Jake Kasdan on Directing Jason Segel, Strategic Nudity, and His Unintentional Return to Television

Jake Kasdan grew up in the movie business. His father is Lawrence Kasdan, who wrote two Star Wars films, an Indiana Jones movie, and both wrote and directed The Big Chill. And Jake's been no slouch, either. He directed his first film, Zero Effect, when he was only 24. He's gone on to work on a slew of other projects, from critically acclaimed cult shows like Freaks and Geeks, to the beloved sitcom New Girl, to the hugely commercially successful film Bad Teacher.

His new movie is Sex Tape, which sees Jason Segel and Cameron Diaz re-teamed as a married couple who accidentally release an intimate home video to the internet.

Kasdan talks about his years working with Jason Segel, the strategy involved in shooting a movie that has both feelings and (comedic) nudity, and how he unintentionally returned to working in television on New Girl.

Sex Tape is in theaters now.

The Outshot: The Everyday Wonder of 'American Splendor'

Jesse explains why Harvey Pekar makes putting one foot in front of the other feel like something special.

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Wham Bam Pow Ep. 60 - Dawn of the Planet of the Apes

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Wham Bam Pow

This week, we review this summer's hottest sci-fi flick about primates that wake up early, Dawn of the Planet of the Apes! Plus, Rhea and Cameron chat about animals in movies and discuss some recent news regarding women in popular culture.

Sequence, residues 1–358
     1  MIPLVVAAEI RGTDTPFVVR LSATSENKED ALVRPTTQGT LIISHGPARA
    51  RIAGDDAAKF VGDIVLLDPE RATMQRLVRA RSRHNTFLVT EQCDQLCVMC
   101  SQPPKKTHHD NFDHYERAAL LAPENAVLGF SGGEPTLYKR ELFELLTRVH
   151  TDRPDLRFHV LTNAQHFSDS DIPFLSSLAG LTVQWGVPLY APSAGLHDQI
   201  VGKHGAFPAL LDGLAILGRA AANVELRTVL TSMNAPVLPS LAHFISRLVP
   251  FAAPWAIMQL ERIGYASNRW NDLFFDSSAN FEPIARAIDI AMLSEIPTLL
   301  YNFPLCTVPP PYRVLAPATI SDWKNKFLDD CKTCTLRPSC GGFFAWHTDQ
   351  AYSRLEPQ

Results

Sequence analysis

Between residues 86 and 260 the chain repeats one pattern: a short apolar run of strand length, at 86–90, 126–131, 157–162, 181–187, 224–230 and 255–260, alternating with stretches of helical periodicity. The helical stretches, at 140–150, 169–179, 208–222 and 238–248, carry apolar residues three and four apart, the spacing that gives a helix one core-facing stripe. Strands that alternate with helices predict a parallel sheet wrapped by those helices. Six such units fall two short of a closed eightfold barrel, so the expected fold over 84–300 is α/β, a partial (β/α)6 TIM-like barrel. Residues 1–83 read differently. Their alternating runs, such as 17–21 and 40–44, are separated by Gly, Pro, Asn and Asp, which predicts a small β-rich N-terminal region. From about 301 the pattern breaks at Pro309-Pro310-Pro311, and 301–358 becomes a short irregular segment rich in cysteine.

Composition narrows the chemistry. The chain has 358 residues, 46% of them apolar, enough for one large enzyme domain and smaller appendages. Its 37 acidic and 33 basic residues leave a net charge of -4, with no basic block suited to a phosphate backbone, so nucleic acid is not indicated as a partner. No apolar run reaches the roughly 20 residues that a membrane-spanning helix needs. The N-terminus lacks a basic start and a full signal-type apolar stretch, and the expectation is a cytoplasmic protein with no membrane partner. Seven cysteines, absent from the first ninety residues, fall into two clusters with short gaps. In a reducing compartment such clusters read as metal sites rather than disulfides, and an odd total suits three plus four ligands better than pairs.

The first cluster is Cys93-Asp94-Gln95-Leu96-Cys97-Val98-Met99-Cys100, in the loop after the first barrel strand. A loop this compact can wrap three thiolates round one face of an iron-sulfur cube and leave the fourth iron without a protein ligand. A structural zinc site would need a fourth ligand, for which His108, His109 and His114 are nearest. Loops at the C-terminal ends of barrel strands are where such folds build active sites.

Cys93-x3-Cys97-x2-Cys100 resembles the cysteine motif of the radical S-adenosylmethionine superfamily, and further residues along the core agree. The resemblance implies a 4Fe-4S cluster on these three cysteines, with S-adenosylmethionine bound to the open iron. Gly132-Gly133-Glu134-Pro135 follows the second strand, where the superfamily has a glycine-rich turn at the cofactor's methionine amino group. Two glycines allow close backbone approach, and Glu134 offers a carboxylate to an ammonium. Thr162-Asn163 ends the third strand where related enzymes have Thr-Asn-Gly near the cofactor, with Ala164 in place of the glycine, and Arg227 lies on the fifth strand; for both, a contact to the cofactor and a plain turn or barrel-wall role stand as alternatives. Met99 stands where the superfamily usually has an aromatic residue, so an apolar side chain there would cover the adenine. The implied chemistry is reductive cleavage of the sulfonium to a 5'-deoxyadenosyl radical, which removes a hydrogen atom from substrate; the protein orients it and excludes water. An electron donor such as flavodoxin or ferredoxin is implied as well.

Next week, we will be watching Stolen, which is available now on Netflix Watch Instant.

Follow us on Twitter! Cameron is @cameronesposito, Rhea is @rheabutcher and Ricky is @rickycarmona. Discuss the show using the hashtag #WhamBamPow!

Don't forget about our Facebook and Tumblr pages. You can also email us at whambampow@maximumfun.org

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Bullseye with Jesse Thorn: Nat Faxon, Mimi Pond & Werner Herzog

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Show: 
Bullseye
Guests: 
Nat Faxon
Guests: 
Mark Frauenfelder
Guests: 
Werner Herzog
Guests: 
Mimi Pond

New to Bullseye? Subscribe to our podcast in iTunes or with your favorite podcatcher to make sure you automatically get the newest episode every week.

And if you're looking for a particular segment to listen to or share, check us out on Soundcloud.

Jesse Grant / Getty Images / Getty Images Entertainment

"It read like an independent movie": Nat Faxon on the Dark Comedy of 'Married'